The geography of Hungary is dominated by hills and plains, namely the Pannonian Basin. Its territory is washed by the Danube for a distance of 417 km, splitting the relief in the Great Hungarian Plain in the southeast and the Little Hungarian Plain in the northwest, with the Transdanubian mountains at the centre. The Danube enters the Little Alföld plain immediately after emerging from the Hungarian Gates Gorge near Bratislava, Slovakia. There the river stream slows down abruptly and loses its transporting capacity, so that enormous quantities of gravel and sand settle on the bottom. The silting hampers navigation and occasionally divides the river into two or more channels. It bends near the city of Visegrád, creating a scenic view of the Transdanubian Mountains on the one side and the North Hungarian Mountains on the other. The steep right bank is crowned by fortresses, castles, and cathedrals of the Hungarian Árpád dynasty, which existed from the 10th to 15th century. The Danube then flows past Budapest and across the vast Great Alföld plain and exits the country.
The hydrography of Hungary is mainly represented by its two main waterways, the Danube and the Tisza. This influence is further reflected in the tripartite division of the relief of the country:
• Transdanubia (hung. Dunántúl), representing the eastern part of the country, dominated by hills and low mountains. Lake Balaton, the largest in Central Europe, and Lake Hévíz, the second-largest thermal lake in the world, are located here.
• The relief of the other two, Duna–Tisza köze (trans. Between the Danube and the Tisza) and Tiszántúl (trans. beyond the Tisza), is formed of the Great Hungarian Plain, and the Carpathians at the north border of the country.
The country is characterized by a continental climate, with hot summers and low overall humidity levels, but frequent showers and frigid to cold snowy winters. Yet, as in the rest of Europe, the average cold and warm temperature tails warmed from the 20th century onwards due to aggressive human interference with the natural landscape. The precipitation also decreased, particularly during springtime. This in the long term is expected to cause a decrease in the potential utilization of the water and an increase in the run-off, leading to an increased risk of floods.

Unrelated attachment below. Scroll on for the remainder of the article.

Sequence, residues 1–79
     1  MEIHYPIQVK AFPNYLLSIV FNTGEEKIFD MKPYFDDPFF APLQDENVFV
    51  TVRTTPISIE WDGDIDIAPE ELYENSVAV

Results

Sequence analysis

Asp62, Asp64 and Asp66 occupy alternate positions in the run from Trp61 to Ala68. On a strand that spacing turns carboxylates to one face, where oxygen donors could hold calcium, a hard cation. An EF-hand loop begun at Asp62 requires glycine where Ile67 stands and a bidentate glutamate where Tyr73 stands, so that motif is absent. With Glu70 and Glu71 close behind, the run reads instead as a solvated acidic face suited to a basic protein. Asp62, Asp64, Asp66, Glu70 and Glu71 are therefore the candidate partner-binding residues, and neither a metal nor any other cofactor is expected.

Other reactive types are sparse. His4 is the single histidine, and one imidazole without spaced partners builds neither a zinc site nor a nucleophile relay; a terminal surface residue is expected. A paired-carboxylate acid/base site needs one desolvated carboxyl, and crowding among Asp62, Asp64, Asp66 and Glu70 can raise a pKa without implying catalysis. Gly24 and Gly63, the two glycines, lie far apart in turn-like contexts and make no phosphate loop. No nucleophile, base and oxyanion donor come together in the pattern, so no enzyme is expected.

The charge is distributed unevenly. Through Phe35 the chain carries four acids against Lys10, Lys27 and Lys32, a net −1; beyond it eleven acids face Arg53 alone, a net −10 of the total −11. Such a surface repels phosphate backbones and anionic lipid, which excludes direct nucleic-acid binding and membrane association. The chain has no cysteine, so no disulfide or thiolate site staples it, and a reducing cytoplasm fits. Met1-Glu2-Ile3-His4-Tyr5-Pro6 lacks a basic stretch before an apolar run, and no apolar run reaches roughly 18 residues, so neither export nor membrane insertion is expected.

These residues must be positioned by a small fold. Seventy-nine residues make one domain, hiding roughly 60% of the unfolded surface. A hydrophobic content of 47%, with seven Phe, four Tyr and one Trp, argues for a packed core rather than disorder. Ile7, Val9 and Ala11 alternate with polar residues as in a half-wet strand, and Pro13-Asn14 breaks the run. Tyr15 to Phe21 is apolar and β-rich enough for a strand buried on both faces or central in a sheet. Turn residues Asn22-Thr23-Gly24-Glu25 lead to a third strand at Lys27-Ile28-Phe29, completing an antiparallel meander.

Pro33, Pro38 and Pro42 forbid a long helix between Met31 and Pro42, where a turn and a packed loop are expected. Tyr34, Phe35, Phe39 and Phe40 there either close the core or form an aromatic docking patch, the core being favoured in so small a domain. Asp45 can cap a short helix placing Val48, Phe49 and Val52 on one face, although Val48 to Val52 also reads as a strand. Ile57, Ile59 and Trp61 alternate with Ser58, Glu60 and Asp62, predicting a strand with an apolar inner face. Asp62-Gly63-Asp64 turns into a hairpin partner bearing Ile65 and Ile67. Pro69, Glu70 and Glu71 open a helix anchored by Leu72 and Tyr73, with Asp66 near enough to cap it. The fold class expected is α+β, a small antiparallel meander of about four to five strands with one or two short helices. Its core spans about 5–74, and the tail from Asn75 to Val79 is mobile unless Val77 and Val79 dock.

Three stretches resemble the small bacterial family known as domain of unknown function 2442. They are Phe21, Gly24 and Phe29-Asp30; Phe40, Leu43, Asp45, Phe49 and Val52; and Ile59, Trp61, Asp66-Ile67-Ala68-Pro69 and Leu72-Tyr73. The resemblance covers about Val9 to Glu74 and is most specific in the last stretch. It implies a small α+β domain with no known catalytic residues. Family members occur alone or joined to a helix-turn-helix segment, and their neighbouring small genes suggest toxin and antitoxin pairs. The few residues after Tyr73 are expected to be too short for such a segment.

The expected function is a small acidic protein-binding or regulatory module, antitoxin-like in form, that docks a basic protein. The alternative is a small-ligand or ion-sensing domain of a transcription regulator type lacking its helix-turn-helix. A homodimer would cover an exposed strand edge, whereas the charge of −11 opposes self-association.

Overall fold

The relief and climate make the arable land the most important natural resource of Hungary. Its agriculture is self-sufficient and, along with related industries, makes up approximately 13 % of the GDP. The most prevalent crops are wheat, corn, sunflower, potato, sugar beet, and canola, a range of fruits, chiefly apple, peach, pear, grape, watermelon, and plum. Hungary’s vineyards produce the grapes for the world-renowned Tokaji wine, about which Louis XV of France commented upon tasting: “Vinum Regum, Rex Vinorum” (“Wine of Kings, King of Wines”). Symbolic for their agriculture and prevalent in traditional cuisine is also paprika. In fact, the country is among the leading producers of paprika in the world, Szeged and Kalocsa being central to this industry.